Three years of national survey data (2000, 2002, 2004) were used to examine the scope of services offered by Critical Access Hospitals (CAHs). The authors investigated how the services offered by CAHs have changed, the role of network affiliations in these changes, and the reasons administrators gave for reported service expansions. Additionally, the authors looked at how services in CAHS have changed over time. Consistent with our findings in previous surveys, conversion to CAH status has not led to downsizing of services. Most CAHs offer a core set of services including radiology, laboratory services, emergency rooms, swing beds, pharmacy, outpatient rehabilitation, outpatient surgery, and specialty clinics. While this core has not changed significantly over the period of three surveys, many CAHs have added or expanded services not dependent on inpatient capacity.
Cutler Institute for Health and Social Policy
Scope of Services Offered by Critical Access Hospitals: Results of the 2004 National CAH Survey
Cutler Institute awarded $600,000 to help youth raised in foster system
USM's Cutler Institute for Health and Social Policy has been awarded a $600,000 grant to help young people raised in Maine's foster system to prepare for college and the workforce.
The money comes from the Annie E. Casey Foundation as part of a $5.4 million national effort aimed at youth who are homeless or in either the foster care or juvenile justice systems.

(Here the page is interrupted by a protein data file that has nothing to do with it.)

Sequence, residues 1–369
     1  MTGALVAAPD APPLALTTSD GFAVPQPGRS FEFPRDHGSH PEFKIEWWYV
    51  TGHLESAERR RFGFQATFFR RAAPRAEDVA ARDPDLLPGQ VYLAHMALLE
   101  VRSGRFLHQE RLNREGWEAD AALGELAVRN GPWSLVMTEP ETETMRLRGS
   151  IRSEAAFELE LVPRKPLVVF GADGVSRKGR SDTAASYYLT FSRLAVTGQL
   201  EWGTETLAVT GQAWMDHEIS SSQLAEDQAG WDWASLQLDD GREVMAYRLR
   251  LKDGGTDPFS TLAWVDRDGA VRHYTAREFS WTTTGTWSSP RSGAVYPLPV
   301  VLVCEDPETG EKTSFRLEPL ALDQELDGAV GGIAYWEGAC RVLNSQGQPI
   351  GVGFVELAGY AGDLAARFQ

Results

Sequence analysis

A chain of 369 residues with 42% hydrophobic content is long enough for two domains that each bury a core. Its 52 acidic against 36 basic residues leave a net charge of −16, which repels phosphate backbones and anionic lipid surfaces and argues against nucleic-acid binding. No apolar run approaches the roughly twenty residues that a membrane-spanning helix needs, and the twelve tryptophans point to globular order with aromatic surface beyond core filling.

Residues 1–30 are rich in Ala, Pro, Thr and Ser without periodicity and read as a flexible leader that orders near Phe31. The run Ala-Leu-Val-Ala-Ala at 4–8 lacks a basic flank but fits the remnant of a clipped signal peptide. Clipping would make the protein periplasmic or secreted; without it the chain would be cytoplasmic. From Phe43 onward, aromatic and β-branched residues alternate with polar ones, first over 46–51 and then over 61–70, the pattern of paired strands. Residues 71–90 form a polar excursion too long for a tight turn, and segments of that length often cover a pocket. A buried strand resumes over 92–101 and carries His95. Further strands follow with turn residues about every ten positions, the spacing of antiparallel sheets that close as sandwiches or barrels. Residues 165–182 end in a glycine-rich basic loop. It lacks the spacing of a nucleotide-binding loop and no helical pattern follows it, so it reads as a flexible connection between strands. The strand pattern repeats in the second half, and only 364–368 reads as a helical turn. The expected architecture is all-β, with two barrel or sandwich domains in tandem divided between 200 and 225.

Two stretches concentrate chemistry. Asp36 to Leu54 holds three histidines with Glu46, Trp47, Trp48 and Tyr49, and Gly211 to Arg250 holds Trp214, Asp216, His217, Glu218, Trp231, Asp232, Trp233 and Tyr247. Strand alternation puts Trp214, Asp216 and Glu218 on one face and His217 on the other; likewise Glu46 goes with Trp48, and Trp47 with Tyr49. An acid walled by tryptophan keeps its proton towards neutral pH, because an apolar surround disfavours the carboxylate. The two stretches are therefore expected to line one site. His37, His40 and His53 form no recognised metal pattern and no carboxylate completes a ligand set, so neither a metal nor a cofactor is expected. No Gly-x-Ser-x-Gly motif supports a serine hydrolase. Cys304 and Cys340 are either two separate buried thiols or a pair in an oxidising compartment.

"Many of these young people have suffered abuse or trauma and were raised in poverty and neglect," said Marty Zanghi, the Cutler Center's youth development director.
The money -- including an expected $400,000 more in matching funds -- will pay for contracted work with agencies in the target areas, starting with the greater Portland area and Penobscot, Kennebec and Somerset counties.
Nationally and in Maine, only about 3 percent of people who grow up in the foster care system achieve a college degree, he said.
"It's dramatically lower than the rate for the general population," Zanghi said. "It's a horrible outcome."
It doesn't have to be that way, though.
"There are young people that overcome these circumstances," he said. "I know people who have master's degrees and Ph.Ds."
The Casey Foundation's national effort is being called the "Learn and Earn to Achieve Potential" (LEAP) initiative.
The initiative is working on partnerships in Maine and nine other areas: Alaska, Arizona, California, Massachusetts, Michigan, Minnesota, Nebraska and New York. In each case, people will adapt two evidence-based models to meet the needs of these youth, including support to address the trauma they may have experienced in their lives.
In Maine, the work will include a pair of successful programs, Jobs for Maine Graduates (JMG) and Jobs for the Future. Results will be carefully tracked, Zanghi said.
After the first year, the program is expected to grow.
"Eventually, the additional help will be available to all children, 14 and over, in the foster care system in the state of Maine," Zanghi said.